Ken Hart (ken_of_ghastria) wrote,
Ken Hart

Guilty Pleasures: Christmas & the nutty spectacle of 1975's Marvel Two-in-One 8

Marvel Two-in-One 8, cover by Gil Kane. Copyright Marvel ComicsHarken back, True Believers, to a more innocent time... a time when a superhero comic could feature a satanically powered bike rider stumbling across a ethereal recreation of the birth of Jesus Christ -- and nobody freaked out. Spin yourself round, round, baby, right round to 1975: the year that Francisco Franco died (really!), the disposable razor was invented, Born to Run was released, and Marvel Two-in-One #8 hit the stands.

Johnny Blaze, whose pact with the devil had gone awry (don't they always?), had once again transformed into the skull-headed, hellfire-blazin' Ghost Rider. While riding across the Arizona desert on Christmas Eve, he comes upon -- the Three Wise Men?! Meanwhile, in New York City, Reed Richards of the Fantastic Four sees in the heavens that night... yep, a new star. The Ever-Lovin' Blue-Eyed Thing decides to investigate, which is good, since he was the star of this team-up title.

In this recreated Nativity in the desert, Ghost Rider and the Thing discover that all the inhabitants of "Bethlehem" are Native Americans of a nearby tribe, their minds and their lands transformed by an old FF villain, the Miracle Man! (I do not kid.) To sneak inside the village to stop, um, geez, the sci-fi/mystical recreation of Jesus, I guess, our mismatched heroes disguise themselves as two of the three Wise Men. Yes, that's right, I'm talking about the rocky behemoth and the flaming-skull guy. You got a problem with that, Effendi?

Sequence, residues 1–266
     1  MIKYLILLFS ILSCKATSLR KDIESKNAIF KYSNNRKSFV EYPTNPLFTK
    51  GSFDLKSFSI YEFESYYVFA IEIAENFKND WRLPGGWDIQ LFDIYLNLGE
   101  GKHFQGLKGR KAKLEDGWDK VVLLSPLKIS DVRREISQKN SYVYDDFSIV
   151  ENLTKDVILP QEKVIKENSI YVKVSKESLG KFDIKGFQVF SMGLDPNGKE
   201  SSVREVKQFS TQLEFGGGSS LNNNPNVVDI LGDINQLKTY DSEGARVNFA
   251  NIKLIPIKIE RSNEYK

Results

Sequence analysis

After a battle, Ghost Rider and the Thing defeat the Miracle Man, who is then dragged away by the pissed-off spirits of the tribe's ancestors, and everything goes back to normal, just in time for the real Christmas to begin. So let's see... Satanic hero saving Xmas? Check. Subversion of the Christmas myth? Check. Goofy impersonation of Nativity figures? Check. And for extra credit, gratuitous addition of Native American mythology to the tale? Bingo! I love this story! I love '70s comics! And I love the idea that this story would've fueled 24 hours of outrage on Fox News if it had come out this year!

Kudos to the late, great, demented, brilliant Steve Gerber who wrote the tale, plus Scintillating Sal Buscema on art, with the cool, "WTF?" cover by the legendary Gil Kane, shown here. As good as some comics are now, I miss this period. It was innocent, ridiculous, and fun, in a way that is hard to detect these days, in any medium.

Happy Holidays!
Tags: comics, guilty pleasures, retro-weird

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